Conversations with Critics: A Day in the Life
A discussion amongst our home critics about what a day in their lives of reviewing the world's best homes actually entails.
How to define the role of Plum Guide's home critics? Here, we're sharing what our roles consist of, as well as some memorable stories from past Plum Tests.
Charlotte: When people ask me what I do, or what a Home Critic is, I always think it must be really obvious but apparently it isn’t. The only description that seemed to resonate was when I said that I snooped around people’s homes and judged them. But I also think that isn’t quite right. So I was wondering how you guys describe our job?
Loreli: It’s only half snooping. Half of it’s sitting right out there. I do enjoy the snooping though. I think what we’re doing is assessing the objective qualities of a home and then the subjective qualities. The feeling of the home is entirely up to us to assess and describe. And I think it all comes back to that thing Doron wrote about the emotion that a property evokes. It’s not a real thing. It’s a combination of feelings and design and setting and all sorts of things that aren’t tangible, but you end up with this feeling. For me, when I go into a home, I get that feeling ‘Oooh’ or I get the ‘Eugh’.
Charlotte: It’s literally the noise isn’t it?!
Loreli: I have a terrible poker face too. And I’m sure that sometimes I say it out loud. Because I know it’s not going to be Plum or I can just feel it doesn’t have those qualities that jump out at you. We’re there to assess the objective and the subjective, but the subjective is the most important part and it is largely emotional, about a feeling, a look. It’s the sum of all elements, not the actual elements themselves.
Sheri: The first home I tested is called The Glamper. In LA, a lot of the time you’ll be looking for what the outside is like. You assume that guests might not be spending as much time in the house.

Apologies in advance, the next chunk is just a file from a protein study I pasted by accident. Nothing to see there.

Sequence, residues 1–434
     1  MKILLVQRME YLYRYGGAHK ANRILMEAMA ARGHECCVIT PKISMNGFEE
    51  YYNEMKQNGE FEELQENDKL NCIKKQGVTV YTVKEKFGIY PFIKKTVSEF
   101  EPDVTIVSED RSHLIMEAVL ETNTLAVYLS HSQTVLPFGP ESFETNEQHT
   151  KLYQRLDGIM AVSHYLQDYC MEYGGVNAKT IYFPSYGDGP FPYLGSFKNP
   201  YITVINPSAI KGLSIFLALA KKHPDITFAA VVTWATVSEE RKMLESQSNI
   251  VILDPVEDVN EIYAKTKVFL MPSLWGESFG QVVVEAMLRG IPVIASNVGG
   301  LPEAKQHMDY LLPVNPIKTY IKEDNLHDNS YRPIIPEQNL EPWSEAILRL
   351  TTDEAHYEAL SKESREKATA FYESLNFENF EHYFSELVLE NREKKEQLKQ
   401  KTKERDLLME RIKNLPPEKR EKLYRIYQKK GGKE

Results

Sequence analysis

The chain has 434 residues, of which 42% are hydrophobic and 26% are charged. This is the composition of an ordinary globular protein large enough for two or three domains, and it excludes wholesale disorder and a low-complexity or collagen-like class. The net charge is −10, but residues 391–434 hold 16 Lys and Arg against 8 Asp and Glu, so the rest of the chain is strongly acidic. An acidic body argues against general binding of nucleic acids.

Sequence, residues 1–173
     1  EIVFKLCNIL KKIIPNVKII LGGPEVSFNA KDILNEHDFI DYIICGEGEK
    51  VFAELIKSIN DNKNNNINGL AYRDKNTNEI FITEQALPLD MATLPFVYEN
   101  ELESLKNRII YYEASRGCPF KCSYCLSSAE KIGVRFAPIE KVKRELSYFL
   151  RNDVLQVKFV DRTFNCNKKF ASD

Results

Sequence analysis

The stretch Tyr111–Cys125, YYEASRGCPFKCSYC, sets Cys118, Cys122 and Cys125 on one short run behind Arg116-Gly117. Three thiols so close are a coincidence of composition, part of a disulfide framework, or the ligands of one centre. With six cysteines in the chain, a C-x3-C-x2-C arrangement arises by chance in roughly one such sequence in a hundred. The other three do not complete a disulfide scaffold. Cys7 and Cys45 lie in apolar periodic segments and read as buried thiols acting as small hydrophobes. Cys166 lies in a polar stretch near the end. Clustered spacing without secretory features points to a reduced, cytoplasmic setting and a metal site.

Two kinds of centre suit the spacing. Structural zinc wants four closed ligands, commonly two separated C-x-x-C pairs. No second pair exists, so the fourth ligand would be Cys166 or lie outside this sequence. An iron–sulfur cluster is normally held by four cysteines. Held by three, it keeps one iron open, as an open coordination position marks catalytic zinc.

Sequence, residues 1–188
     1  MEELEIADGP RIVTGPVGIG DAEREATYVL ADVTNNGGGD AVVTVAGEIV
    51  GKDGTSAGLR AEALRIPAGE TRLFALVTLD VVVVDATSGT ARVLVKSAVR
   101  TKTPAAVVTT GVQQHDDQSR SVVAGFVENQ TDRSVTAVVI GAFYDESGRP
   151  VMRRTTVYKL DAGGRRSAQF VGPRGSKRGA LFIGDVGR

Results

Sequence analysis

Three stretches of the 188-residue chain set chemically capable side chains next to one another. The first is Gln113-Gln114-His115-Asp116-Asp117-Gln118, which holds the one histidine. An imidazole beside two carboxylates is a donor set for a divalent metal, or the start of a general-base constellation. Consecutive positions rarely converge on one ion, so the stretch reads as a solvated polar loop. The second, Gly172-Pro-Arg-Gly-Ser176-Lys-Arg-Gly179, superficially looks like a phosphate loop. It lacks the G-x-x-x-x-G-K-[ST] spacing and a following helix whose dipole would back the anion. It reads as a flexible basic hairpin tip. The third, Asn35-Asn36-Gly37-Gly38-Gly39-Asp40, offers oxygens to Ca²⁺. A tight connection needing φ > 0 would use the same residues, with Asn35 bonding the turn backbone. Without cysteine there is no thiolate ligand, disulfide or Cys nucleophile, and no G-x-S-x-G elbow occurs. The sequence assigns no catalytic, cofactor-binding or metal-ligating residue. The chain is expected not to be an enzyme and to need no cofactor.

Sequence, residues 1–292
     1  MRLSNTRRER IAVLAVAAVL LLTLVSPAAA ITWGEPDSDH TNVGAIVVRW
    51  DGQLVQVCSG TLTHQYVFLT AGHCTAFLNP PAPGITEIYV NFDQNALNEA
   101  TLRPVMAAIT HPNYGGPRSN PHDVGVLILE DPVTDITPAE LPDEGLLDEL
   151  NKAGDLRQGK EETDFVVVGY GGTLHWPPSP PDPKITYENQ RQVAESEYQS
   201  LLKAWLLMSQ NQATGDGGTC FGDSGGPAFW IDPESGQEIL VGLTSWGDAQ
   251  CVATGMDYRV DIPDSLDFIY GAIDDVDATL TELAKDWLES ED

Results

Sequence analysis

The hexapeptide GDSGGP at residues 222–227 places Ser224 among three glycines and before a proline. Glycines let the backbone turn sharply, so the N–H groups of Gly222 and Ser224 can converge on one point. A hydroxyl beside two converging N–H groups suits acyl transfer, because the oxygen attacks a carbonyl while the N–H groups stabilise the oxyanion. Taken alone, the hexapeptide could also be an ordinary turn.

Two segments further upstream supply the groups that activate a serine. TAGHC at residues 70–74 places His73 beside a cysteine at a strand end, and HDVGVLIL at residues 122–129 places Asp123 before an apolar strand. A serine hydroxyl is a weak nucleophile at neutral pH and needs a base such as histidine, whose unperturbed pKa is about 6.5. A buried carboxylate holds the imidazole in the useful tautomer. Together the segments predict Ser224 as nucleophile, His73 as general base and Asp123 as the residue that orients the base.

Charlotte: I wanted to ask you about that, because I feel like, for Lori and I, the outside is probably always the most disappointing part of our homes.
Loreli: The outside is a decoy!
Shira: The Glamper was built by a pretty successful architect as his second home. It’s very clean cut and has a beautiful infinity pool. The grounds have rustic style and the house is, of course, very stark and finished. He was there when I did the test. I could tell he was proud of his home - he was shining every single thing. It was his baby. I showed it to some friends and they said they wouldn’t want to stay there because it wasn’t personal enough, wasn’t warm enough. I think it was a really nice house - the views and the outside are fantastic.
Charlotte: It looks more sculptural than homely.
Shira: Yes, absolutely. It’s definitely his dream architectural project. Another home I tested is Satsuma. That one is designed by another architect, this time from Austria. It’s a bungalow on the Venice canal. We rented it for a month to a young couple from Mallorca I think - I did a viewing for them. What was so fantastic about it was that it was funky. The kitchen cabinets were all IKEA so he was just being really clever in a really fun way. These old bungalows cost a fortune now, but just happen to be on these little Venice canals - there’s just 4 blocks of them. This home was basically all about the outside. If you look out from the porch, you’ll see the canals which is very unique and you have no idea where you are. People are canoeing, walking, coming down in their wedding gowns and taking pictures there. It’s charming.
Loreli: It’s gorgeous.
Shira: The third one I sent you is called Steampunk. A couple bought this concrete block building in Venice. It was arranged as little square apartments, like a dormitory. She goes to flea markets and furnishes each one with a theme. This one was called Steampunk, another one About Time because it had a whole collection of clocks on the walls and another one was all done in Louis XIV gold leaf style. Whenever there is one of those barn doors, her husband makes it himself. There’s a backyard as well, and she picks up old bikes at the thrift shop. Anyone can use them and she doesn’t care if they lose them. Bikes for your use, just hopefully bring it back, but if it gets stolen it gets stolen.
Charlotte: Or you forget where you left it, never mind!
Shira: Or you just abandon it! One of the questions I ask when I go into a place is would my parents stay here? They would not have stayed there. They would have thought - what? They would have liked The Glamper maybe. But I think a lot of people would be charmed by somewhere like this. I always imagine who would stay there.
Loreli: Part of the difficulty of doing a test and coming to a verdict on the eight that aren’t immediately a pass or a fail, is sifting through all the details to see if there is a Plum guest who would appreciate this home. There are guests with families that want places that are pristine like a hotel. There are guests with families that want places that are lived in, that they don’t have to worry about. There are guests that want a big place so they can be by themselves. There are guests that want to come with ten friends and it’s important that they’re able to sleep ten.